Install Poseidon from Aminet, as well as ARAKAttack to get the USB ports working. Install all the boing bag updates, 1-4, and you’ll be ready to go. The Amithlon setup guide

Then, to get wireless working on the laptop, see my previous post about the Vonets cheap wirless bridge. I’ve installed the free version of Miami for TCP access, although the one that comes with AmigaOS3.9 should be adequate too. If I ever take the laptop somewhere to a different wifi network, I can reboot into WinXP, run the Vonets configuration utility, then reboot back into AmigaOS.

Here are a few pictures of my finished laptop, running Amiga OS3.9 with BB1&2: (click each for larger image)

Picture 1: Case closed with Amiga Boing Ball sticker (from Zazzle), fits perfectly over the old Dell label

Picture 2 & 3: The GRUB boot options (WinXP, normal Amithlon install, emergency Amithlon boot)

Picture 4: Workbench loaded up, more CPU speed, RTG speed, faster response and higher memory than any real Amiga classic hardware than I’ve ever had before:

Hope you have as much fun making a powerful, portable and inexpensive Amithlon laptop!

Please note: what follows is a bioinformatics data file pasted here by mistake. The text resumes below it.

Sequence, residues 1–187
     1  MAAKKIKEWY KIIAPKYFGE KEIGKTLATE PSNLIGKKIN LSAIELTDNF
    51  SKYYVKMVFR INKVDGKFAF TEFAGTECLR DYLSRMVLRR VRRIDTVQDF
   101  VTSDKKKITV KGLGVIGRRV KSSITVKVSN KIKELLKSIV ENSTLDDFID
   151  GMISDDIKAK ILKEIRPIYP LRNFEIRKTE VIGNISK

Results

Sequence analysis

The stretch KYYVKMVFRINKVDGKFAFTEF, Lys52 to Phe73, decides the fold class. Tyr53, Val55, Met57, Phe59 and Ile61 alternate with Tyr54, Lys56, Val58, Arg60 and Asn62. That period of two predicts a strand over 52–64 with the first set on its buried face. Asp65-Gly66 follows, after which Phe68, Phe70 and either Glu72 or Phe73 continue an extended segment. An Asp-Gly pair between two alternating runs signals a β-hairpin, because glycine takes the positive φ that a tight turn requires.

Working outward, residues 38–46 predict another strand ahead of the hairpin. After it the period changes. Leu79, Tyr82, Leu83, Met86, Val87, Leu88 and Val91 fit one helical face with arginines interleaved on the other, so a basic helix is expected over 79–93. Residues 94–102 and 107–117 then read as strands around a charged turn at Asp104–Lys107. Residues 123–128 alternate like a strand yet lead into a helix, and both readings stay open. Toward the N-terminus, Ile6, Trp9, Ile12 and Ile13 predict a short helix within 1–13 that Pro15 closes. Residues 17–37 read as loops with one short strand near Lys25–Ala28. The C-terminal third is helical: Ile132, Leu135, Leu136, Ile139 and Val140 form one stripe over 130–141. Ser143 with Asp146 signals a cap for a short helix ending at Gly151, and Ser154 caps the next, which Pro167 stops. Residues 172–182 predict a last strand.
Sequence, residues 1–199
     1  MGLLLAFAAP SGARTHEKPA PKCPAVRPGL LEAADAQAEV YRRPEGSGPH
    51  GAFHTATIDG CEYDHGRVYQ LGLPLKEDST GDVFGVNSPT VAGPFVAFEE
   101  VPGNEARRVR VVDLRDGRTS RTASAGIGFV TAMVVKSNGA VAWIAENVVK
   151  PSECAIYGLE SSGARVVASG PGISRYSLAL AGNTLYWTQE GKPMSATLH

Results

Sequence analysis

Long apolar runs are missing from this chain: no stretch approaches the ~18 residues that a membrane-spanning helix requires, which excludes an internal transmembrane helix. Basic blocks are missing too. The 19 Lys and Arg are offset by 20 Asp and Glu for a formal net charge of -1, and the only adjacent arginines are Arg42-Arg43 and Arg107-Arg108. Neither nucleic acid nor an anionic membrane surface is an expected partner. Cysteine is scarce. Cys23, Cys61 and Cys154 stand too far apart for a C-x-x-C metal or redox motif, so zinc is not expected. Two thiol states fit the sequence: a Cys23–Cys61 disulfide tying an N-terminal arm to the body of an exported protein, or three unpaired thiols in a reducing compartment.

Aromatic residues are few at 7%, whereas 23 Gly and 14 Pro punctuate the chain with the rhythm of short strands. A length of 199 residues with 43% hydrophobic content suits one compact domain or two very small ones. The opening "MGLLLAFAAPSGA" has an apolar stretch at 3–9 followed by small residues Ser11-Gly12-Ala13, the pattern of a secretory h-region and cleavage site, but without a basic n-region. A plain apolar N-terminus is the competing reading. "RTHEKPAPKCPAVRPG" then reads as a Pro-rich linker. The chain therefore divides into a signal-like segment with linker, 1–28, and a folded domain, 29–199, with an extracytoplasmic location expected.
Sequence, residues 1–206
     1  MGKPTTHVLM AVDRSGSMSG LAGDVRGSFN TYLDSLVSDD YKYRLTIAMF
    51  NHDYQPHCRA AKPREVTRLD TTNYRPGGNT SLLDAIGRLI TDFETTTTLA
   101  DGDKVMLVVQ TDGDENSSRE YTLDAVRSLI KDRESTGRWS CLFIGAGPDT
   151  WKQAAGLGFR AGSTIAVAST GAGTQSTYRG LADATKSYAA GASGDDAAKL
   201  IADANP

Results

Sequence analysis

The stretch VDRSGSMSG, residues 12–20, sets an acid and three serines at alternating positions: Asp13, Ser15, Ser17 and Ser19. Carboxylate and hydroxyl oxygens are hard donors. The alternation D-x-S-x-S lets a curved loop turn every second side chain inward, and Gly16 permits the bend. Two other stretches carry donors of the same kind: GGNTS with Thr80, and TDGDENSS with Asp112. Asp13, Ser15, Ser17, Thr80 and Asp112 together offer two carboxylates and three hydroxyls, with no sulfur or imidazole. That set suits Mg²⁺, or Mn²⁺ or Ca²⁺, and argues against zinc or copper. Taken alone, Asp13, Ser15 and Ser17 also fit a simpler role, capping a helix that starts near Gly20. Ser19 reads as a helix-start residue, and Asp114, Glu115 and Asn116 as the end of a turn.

So, one became four… the fracturing of Amiga

When I left the Amiga-scene in 1998, there was only a single OS that we used: Classic 68k Amiga OS. Sure, proDad tried to make pOS. I remember the pre-release, but it seemed to be highly dependent upon the kickstart ROMs.

I kept an eye out on AROS, then later, I read that 3.5 and then 3.9 were coming out. I played with UAE from it’s first PC version even when it was really “Unusable”.

Well, now we have:

  • Classic Amiga OS (currently sitting at 3.9 with 2 official boing bag expansions and 2 unofficial ones)
  • AROS in many flavors (I prefer Icaros which is at 1.5.x) for many architectures, primarily x86 for super-speed
  • MorphOS (currently 3.4) for classic Amigas with PPC accelerators, bPlan’s Pegasos 1 and 2 and lots of ppc mac’s
  • Amiga OS4 (currently 4.1r6), supporting classic PPC accelerators, bPlans’s Peg 2, SAM 440/460 and A-Eon x1000

    (It’s worth noting that various distro’s of AROS support ARM (raspberry Pi, classic AGA Amigas, and maybe a few other platforms, but I’m focusing on x86 as it appears to be most mature).

    Classic Amiga OS does seem to not only have a life on original Classic Amigas, the the expansions that are available are limited. Besides some accelerators that top out at MIPS ratings that are a decade behind current PC/Mac hardware, a few amiga-specific hardware as well as PCI adapters, the future of classic Amiga can be found in either emulation or related technologies.